Movie reviews: Last Christmas, Downton Abbey
LAST CHRISTMAS (NC16)
Your tolerance for Paul Feig's twee British rom-com inspired by the music of George Michael depends highly on how much you adore Emilia Clarke, because the first half of the film is shockingly awkward, cheesy and cringe-worthy.
As Kate, whose life is on a downward spiral ever since she survived a health scare, the Game Of Thrones star acts her little elf boots off - even though she appears to be playing a version of her goofy real-life self.
Thankfully, the character's annoying quirks give way to a rather poignant arc.
While the Mother of Dragons is immensely watchable, Henry Golding is a bland love interest (it doesn't help that the couple don't spark at all), Michelle Yeoh embarrasses herself and pretty much her entire race, and one cannot believe Emma Thompson - who stars as Kate's mum, complete with a dodgy Eastern European accent - wrote this schlockfest.
And once you get to the big twist practically everyone's guessed after watching the trailers, the filmmakers top it off by literally basing it on the lyrics of Wham!'s Last Christmas. You will never listen to that song the same way again.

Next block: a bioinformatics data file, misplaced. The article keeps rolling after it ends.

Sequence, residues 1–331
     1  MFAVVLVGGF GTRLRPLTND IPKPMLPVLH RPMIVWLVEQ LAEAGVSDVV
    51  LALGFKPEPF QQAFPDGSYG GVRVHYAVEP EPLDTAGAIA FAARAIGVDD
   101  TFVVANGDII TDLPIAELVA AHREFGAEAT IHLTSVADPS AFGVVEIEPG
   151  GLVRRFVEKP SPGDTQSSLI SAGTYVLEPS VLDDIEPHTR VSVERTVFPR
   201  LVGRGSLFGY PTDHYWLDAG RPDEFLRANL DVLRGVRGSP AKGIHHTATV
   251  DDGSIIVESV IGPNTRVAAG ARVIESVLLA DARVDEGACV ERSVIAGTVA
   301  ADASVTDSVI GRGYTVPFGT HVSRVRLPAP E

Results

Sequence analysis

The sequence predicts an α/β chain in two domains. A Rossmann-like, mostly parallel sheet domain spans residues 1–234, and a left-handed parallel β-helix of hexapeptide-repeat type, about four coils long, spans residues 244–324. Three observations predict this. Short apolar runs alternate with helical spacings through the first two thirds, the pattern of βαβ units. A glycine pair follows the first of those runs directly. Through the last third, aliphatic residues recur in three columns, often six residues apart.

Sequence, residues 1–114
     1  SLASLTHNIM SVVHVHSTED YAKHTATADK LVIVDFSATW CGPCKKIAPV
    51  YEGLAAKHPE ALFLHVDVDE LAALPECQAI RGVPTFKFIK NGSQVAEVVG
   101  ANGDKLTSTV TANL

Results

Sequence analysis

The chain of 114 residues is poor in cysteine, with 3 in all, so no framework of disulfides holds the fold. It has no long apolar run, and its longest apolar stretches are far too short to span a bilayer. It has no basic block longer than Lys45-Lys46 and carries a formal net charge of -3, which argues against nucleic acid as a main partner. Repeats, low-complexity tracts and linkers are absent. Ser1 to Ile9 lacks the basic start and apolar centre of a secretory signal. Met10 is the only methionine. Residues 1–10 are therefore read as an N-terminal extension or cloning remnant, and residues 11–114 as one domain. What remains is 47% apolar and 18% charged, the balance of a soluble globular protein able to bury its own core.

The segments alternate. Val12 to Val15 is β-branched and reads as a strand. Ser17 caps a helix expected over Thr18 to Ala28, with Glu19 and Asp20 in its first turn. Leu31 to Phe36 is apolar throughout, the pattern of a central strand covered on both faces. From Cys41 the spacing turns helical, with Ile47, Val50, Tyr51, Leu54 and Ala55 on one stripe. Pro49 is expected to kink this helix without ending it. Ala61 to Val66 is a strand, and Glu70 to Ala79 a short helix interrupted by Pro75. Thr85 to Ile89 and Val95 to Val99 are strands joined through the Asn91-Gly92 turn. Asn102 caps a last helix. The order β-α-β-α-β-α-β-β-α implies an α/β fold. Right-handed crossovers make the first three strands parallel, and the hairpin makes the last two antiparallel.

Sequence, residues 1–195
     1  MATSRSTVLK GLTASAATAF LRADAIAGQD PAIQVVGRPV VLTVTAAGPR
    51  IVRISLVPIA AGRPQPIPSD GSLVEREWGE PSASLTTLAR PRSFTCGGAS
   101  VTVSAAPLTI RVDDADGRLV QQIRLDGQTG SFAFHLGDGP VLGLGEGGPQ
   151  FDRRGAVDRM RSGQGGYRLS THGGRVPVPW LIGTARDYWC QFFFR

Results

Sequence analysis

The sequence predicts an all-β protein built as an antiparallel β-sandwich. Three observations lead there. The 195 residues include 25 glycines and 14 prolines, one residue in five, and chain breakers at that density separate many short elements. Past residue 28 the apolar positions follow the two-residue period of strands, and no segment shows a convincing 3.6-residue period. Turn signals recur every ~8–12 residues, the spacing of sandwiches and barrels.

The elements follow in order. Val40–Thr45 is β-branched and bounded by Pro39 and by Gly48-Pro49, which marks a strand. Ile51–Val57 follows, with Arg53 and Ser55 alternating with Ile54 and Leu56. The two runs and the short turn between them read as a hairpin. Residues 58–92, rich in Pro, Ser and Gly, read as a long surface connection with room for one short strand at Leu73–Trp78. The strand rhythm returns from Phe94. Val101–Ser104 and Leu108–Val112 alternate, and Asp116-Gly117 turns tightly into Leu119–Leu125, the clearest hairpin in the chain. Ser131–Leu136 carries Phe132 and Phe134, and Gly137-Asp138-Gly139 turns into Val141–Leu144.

DOWNTON ABBEY (M18)
The aristocratic Crawley family (led by Hugh Bonneville and Michelle Dockery) and their domestic servants prepare for the most important moment of their lives - a royal visit from the King and Queen of England.
I'm not sure why a big-screen spin-off was necessary when it would've worked just as well as the usual Christmas special.
Still, for those who followed the British period TV series which ended in 2015, there is plenty of nostalgia and fan service.
The film is a warm homecoming and pleasant diversion, and expect hit-and-miss soapy elements like scandal, romance and intrigue.
The Downton staff's scheme to outwit their pompous royal counterparts is a nice bit of comedy, while Maggie Smith's Dowager Countess of Grantham continues to have a zinger for just about everyone.
Her delightful back-and-forth with frenemy Isobel (Penelope Wilton) and new addition Imelda Staunton is worth the ticket price, as is a late-stage revelation about the matriarch that closes the film on a bittersweet note. -